Anxiety Treatment


Anxiety Treatment
Christian Jonathan Haverkampf

Abstract—Anxiety is a highly treatable condition. However, it impairs the life of many. Treatment approaches, such as CBT may lead to quick improvements, which, however, may often not be sustainable. A more insight and communication-focused approach may lead to longer-lasting results. Communication-Focused Therapy® has been developed to that end.

Index Terms—anxiety, communication, depression, treatment, psychotherapy, psychiatry


Anxiety is a very common condition, which affects many people. It can be very debilitating in everyday life. It can show up in many different forms. However, all these forms have certain things in common. Anxiety is usually a signal that some part of the patient’s life is not aligning with their needs, values, and aspirations, the ‘basic parameters’ (Haverkampf, 2018b). This alignment is assessed through internal and external communication. Anxiety is a signal that certain things do not fit together anymore.

Depression and anxiety are usually caused by how we interpret our internal and external interactions or non-interactions with the world. We need to construct working hypotheses to function in the world. However, problems arise when our interpretations and theories seem like facts. How we think and act today is thus linked to our interpretations of past communication events or missing communication, which has an influence on us today.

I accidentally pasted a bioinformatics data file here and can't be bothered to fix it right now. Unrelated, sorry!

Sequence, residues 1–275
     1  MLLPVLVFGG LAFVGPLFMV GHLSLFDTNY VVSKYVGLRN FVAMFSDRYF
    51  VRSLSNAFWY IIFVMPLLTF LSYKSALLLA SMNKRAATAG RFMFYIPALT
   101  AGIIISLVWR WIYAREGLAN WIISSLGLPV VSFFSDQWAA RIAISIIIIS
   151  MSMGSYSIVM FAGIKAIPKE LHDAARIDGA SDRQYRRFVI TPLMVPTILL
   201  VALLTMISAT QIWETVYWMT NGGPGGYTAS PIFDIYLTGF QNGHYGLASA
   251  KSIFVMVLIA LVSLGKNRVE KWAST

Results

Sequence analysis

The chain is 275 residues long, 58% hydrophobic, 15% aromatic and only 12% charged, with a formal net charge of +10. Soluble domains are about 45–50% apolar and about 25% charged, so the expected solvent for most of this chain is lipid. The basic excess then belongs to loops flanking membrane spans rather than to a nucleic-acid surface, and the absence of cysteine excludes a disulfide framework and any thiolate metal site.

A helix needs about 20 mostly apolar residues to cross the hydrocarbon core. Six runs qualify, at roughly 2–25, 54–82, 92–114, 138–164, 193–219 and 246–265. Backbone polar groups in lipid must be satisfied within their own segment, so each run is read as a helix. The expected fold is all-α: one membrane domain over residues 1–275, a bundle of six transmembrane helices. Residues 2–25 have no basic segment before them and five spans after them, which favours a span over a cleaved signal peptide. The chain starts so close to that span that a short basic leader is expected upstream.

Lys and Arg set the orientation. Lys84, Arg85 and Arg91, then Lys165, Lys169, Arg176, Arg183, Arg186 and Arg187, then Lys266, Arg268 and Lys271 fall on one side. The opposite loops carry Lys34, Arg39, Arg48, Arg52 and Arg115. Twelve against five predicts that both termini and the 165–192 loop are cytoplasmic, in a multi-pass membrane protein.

The quality and quantity of connectedness with others play a large role in whether anxiety and depression can develop and to which extent they can do so.

II.     Connectedness with Others

Connectedness is something we build with other people. In the way we speak, and what we see and hear when we communicate with each other we receive and send meaningful messages. When our connection comes from a place within us that is authentic and open, the depth of our connectedness will be greater. Unfortunately, often connections are built on what we think and feel others would like us to do or be. This misalignment can lead to anxiety, depression, burnout, and other conditions. We may also misinterpret our own internal information and messages, and think we need or value something, which we in truth do not.